United Nations membership and “observer” status membership has gone up drastically sense its inception, with 51 members in 1945 and 190+ today (worldometers). Two trends can be observed. One, nation-states (especially ones that were under European colonial rule) will continue to break up into smaller countries. Two, more (European Union, African Union, Asian Development Bank, League of Arab Nations, etc) observer statuses will be granted to international organizations. As nation states break up and the world becomes more and more interconnected, international and transnational entities will gain more power, leading to the loss of sovereignty to a “regional” or “continental” entity in order for some nation-states to compete and maintain/expand the standard of living for their citizens. The European Union is an example of an attempt to establish a semi-sovereign regional political union. With the recent secession attempt of Scotland also gaining much traction (and almost passing), the idea of first world nation-states granting their provinces and local states more sovereignty will become more and more popular as well. Due to the economic success of mini-states such as Luxemburg and Singapore, and the success of small states that become interconnected with the global economy such as Switzerland, South Korea, Taiwan, etc, is appealing. The Regional unions provide both external security, political power, and enforce a common market and common economic laws/norms among its members. The nation-states/mini states thus, experiment with different economic tax codes and strive to maximize economic wealth and growth, maximizing political freedom and social progress as a result. At the end of the day, the winners are the masses and libertarian ideology.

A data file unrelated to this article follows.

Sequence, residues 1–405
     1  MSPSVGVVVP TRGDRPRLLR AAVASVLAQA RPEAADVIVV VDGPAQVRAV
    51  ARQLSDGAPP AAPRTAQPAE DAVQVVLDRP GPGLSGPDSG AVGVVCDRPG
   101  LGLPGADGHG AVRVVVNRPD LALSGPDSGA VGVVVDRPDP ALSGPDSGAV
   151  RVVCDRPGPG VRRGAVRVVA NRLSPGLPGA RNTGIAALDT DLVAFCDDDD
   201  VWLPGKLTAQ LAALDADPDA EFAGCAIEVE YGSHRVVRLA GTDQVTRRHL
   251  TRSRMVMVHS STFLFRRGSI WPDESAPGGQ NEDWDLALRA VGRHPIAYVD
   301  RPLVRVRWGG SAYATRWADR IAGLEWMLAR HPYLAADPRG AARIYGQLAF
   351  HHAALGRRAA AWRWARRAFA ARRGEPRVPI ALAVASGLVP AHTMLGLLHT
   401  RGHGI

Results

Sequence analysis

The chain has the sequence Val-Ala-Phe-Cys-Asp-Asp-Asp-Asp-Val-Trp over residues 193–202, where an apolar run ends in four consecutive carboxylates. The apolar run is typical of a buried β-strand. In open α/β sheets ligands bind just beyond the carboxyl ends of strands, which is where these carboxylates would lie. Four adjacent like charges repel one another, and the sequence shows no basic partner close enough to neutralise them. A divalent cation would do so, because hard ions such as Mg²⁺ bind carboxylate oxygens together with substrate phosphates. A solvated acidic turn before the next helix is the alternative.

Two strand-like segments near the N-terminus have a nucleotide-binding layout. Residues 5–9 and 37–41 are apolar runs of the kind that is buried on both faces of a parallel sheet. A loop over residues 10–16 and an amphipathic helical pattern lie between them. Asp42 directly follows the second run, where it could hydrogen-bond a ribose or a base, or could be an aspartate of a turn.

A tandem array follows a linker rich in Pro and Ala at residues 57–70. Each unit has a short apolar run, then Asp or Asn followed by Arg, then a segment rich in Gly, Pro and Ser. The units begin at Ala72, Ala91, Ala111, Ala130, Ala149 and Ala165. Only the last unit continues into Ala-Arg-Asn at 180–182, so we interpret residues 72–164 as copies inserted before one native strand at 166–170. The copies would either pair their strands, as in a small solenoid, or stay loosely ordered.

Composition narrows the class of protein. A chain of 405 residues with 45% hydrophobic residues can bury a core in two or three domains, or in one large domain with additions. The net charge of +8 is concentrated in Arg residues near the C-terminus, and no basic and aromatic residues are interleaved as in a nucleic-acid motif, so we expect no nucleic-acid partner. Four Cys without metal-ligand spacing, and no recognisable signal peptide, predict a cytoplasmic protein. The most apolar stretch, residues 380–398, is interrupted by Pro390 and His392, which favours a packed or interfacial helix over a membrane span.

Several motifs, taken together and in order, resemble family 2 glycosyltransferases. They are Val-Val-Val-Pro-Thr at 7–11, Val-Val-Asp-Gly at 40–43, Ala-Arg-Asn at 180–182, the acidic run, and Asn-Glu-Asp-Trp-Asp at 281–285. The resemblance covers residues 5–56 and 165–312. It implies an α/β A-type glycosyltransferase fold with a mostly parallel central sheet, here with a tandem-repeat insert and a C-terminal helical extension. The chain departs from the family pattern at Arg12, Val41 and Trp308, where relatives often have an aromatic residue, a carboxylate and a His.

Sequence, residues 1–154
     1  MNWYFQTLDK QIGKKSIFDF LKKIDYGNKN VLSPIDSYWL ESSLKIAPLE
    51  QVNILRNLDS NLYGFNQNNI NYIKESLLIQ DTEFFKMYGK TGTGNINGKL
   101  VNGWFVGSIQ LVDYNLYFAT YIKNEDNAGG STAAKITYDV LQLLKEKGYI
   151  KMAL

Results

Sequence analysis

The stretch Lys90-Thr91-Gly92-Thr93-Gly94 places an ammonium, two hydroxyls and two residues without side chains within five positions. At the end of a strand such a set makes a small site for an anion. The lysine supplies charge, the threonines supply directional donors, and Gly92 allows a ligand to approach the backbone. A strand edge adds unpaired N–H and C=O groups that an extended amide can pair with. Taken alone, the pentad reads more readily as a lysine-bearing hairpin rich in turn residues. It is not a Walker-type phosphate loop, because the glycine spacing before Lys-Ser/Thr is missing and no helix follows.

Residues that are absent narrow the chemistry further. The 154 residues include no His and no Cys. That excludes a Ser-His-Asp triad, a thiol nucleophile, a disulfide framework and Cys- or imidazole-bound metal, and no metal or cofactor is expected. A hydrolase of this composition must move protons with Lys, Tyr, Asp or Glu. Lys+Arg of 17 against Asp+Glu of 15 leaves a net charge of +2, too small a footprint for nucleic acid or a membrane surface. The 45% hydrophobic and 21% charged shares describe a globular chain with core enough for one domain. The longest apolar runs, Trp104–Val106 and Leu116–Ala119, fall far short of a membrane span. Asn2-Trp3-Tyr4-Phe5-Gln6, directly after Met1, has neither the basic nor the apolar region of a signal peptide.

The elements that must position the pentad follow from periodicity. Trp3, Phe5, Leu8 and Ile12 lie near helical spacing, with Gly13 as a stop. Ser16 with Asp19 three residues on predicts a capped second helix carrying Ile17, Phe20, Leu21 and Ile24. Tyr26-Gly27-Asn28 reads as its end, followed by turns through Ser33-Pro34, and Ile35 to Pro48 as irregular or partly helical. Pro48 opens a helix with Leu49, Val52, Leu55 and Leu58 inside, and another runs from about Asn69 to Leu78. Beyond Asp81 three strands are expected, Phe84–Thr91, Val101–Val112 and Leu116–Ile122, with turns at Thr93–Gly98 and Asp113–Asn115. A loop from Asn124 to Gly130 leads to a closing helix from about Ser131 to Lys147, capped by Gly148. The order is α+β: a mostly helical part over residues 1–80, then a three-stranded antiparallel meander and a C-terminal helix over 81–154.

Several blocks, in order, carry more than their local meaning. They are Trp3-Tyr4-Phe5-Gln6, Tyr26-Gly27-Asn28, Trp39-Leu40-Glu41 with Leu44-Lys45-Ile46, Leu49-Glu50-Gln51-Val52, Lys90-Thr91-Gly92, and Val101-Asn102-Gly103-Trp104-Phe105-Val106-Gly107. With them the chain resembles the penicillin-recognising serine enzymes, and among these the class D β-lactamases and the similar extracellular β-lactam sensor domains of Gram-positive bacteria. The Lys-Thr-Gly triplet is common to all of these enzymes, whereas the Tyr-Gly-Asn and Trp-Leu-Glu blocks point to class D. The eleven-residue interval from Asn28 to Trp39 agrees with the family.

The trends towards loss of nation-state sovereignty to regional political and economic unions, international trade treaties, and the increasing fragmentation of nation-states (more so in developing countries than developed countries) all serve to move a more global society to a more libertarian future. Regional Unions will develop standards that all nation state members will have to abide by to attract international capital and trade (and thus power). The higher the economic freedom index and more politically stable these member nations in the union are, the more international capital will be attracted. More wealth will lead to more social progress and more political freedoms. The international trade and capital flows serve as a major deterrence for countries to fight each other. Rogue regimes, such as North Korea, face the MAD (Mutually Assured Destruction) doctrine from both the United States and other regional powers (China), deterring major conflict or disruption in the international system.


In this the increasingly interconnect global society, global capitalism is driving power increasingly towards entities that are the most efficient, profitable, and productive (regions such as East Asia, nation-states, localities, businesses, and individuals), and away from stagnant forces, violence, and totalitarian regimes/policies. No libertarian Utopia is on the way and the forces of populism, both left and right continue to push back against globalization. Thus, it is important that libertarian groups don’t take a passive or pessimistic approach, but rather, do exhibit strategies in order to continue to push back the populist authoritarian policies, both left and right. In the United States, it is especially important libertarian organizations and individuals do network and employ an “all of the above” strategy (discussed in an upcoming paper). It is important we do realize that progress is slow, but we also achieve and implement a sense of realism in our efforts.



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FRED. (2015). Federal Reserve Economic Data. Federal Reserve Bank of St. Louis. Economic Research. Retrieved from

Kim, Anthony. (2007, September 28). The Link between Economic Freedom and Human Rights. The Heritage Foundation. Retrieved from freedom-and-human-rights

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Palmer, Tom. (2013). Peace, Love, & Liberty. Washington D.C. Jameson Books, Inc.

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Wade, Lisa (2008, February 6). Correlations of IQ with Income and Wealth. The Society Pages.   Retrieved from